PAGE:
build website china webdesign best pratices

China is the world’s largest internet market with over 700 million netizens. Brands and marketers are often interested in how to optimize their websites for China and Chinese netizens, but there are a lot of misconceptions about what that entails. In this post, we’ll outline some of the most common misconceptions as well as best practices for optimizing your website for China and Chinese netizens.

  1. Chinese Language
  2. Graphic chart
  3. Live chat & contact info & payment option
  4. Mobile Friendly
  5. On site optmization for Baidu
    • CDN/Hosted in China
    • Avoid Blocked Elements/foreigns API (ex: google font / Gquery)

To create a website that will resonate with Chinese consumers, businesses must first understand their needs and internet scrolling habits as well as the specificities of the Chinese internet. Let’s dive into our best tips for an optimized website that will help you convert more in China!


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1. Obivous but…. In China you need a Website in Chinese Mandarin

  1. China primarly speaks chinese mandarin and mainland uses simplified chinese to write and read.
  2. Baidu, China’s number 1 search engines only supports Chinese and will always favor chinese results to english one.

Reminder as to why Chinese language is key in China

You wouldn’t want to enter the French market with an English-language website and expect results, so why do it in China?

Don’t bother with an English-language website if you want to sell in China. Most visitors will simply close the page as soon as they see that it’s not written in Mandarin, and then look elsewhere for what they need – And it makes sense. For instance, let’s say you are looking for a perfume and wind up on a Chinese website with no English language options what would happen? You would most likely close the webpage unable to read the content or think it is an eCommerce website for Chinese consumers, therefore not for you.

In the B2B industry, you’ll have slightly more success with a website in English, but and it’s a big but! keep in mind that many decision-makers across China don’t understand English well enough and would rather read about your services/products through their native language (especially if we are talking big money).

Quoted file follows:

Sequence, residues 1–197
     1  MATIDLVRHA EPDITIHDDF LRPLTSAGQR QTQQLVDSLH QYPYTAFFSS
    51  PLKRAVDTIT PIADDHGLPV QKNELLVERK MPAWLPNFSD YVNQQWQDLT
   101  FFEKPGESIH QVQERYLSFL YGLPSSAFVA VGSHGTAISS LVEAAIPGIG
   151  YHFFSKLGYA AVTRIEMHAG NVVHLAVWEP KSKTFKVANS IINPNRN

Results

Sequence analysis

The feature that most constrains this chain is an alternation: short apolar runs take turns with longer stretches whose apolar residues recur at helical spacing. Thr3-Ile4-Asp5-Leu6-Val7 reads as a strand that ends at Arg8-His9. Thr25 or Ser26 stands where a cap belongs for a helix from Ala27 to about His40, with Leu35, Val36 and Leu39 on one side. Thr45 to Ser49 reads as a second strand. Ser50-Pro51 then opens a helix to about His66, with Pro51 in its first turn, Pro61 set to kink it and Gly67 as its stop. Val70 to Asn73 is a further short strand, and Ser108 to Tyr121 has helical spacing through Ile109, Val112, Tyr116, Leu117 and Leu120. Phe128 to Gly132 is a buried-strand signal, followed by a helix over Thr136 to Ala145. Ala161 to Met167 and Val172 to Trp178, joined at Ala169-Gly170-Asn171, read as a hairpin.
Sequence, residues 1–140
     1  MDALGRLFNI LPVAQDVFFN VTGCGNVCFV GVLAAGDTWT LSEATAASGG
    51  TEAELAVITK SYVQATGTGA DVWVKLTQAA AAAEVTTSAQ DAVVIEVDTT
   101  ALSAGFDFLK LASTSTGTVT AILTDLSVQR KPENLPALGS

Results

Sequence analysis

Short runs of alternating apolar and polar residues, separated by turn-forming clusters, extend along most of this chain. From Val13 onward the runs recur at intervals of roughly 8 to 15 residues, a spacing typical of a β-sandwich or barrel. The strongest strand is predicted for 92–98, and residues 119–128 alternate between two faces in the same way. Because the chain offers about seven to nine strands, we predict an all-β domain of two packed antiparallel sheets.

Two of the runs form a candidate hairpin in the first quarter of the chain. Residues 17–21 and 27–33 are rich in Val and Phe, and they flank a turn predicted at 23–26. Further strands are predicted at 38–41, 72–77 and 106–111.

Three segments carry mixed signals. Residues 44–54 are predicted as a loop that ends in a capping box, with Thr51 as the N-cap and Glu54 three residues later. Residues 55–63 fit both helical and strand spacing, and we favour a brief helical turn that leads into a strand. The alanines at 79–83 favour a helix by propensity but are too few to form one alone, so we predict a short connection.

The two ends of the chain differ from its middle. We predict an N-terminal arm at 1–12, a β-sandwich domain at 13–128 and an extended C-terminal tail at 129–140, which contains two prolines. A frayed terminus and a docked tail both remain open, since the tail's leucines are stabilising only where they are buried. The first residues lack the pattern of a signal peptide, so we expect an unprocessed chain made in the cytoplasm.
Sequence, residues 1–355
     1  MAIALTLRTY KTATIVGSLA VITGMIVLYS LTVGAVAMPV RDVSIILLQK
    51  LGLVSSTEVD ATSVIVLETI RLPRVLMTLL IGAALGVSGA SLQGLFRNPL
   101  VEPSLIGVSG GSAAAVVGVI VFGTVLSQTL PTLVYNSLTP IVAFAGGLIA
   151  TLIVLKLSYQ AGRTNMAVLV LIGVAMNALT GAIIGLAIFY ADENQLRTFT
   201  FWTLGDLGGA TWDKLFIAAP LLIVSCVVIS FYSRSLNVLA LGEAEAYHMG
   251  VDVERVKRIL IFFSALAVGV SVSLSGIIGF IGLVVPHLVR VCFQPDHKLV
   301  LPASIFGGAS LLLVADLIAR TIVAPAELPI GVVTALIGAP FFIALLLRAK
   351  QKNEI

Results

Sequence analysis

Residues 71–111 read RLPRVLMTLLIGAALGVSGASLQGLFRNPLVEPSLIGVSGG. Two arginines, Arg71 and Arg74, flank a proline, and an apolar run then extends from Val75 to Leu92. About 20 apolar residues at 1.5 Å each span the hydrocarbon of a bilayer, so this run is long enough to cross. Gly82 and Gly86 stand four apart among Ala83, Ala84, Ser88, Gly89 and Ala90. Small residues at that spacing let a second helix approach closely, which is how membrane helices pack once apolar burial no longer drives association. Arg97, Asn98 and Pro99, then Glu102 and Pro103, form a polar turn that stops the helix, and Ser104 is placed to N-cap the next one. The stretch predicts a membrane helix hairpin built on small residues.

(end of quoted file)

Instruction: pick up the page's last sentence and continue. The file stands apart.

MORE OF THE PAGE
Content Localization for China

Not only does your website content has to be in Chinese but it also has to localized meaning that simply translating your content won’t be enough to break through and convince your Chinese visitors. You may need to tweak your content a bit, create a new one more adapted to your new target audience and ditch some other that is not appropriate for Chinese customers or Chinese laws and regulations for instance.

On top of that, the more localized & precise your content is, the best chances you’ll have to be indexed on your chosen keyword on Baidu. Remember, Baidu only exists in Chinese and its algorithm has become super precise and specialized in Chinese mandarin, making it crucial to master the language if you want any chances to rank at all.

2. Follow a graphic Chart & UX that Appeal to Chinese Netizen

ICBC Website – Desktop & Mobile
  • Praticability before eye pleasing design (Which you should certainly keep in mind for any websites but even more so in Chine, we will se why below)
  • Feature Social media and contact info

Chinese Typography web design rules:

In order to guarantee the visibility of Chinese characters on websites, it is indispensable to use a font of at least 12 px because there is no space between the characters. Why?

The Chinese script contains more than 40.000 characters, however, to have an acceptable level of literacy is only necessary to be able to read around 2.000 of those ideographs. The Chinese characters are divided into strokes but the number of them can vary between 1 and 60 strokes. It can quickly become unreadable if the font is too small or too intricate.

The Layout of a Chinese Website is not Cluttered but Taylored to Chinese language & Culture:

Chinese Websites and Internal Links:

In the early stage of the internet, search bars were not so well adapted to the Chinese language, the way to go around was to add as many links as possible to guide visitors through many levels of content. Although the search bar has evolved quite a bit, the habits are now ingrained. In short, web pages are designed for clicking instead of searching

2014 Version of Desktop Weibo – Links Everywhere

Newer websites are trying to stray away from this system to make it easier for their users, however, as you can see in the picture of a major Chinese website below (or above on the ICBC Website both desktop and mobile version), the fight for fewer links is not over.

Every Section is clickable on the Chinese News Website CCTV (Nov 2021)

Complex Layout & menu

Chinese readers are also used to complex “architecture” through their writing system, and what’s look complex to you looks very natural to Chinese users (you can actually find similar website buildings in Japan).

The filling of white space on the website reflates the Chinese urban landscape quite well as well where each inch of space has a purpose. White spaces are not necessarily seen negatively (although it could be seen as your company has not much to show) but like a waste of opportunity. Instead of being blank, a space can feature important information. In China, less is definitely not more, if you do not believe me, visit some of their most popular websites to see for yourself.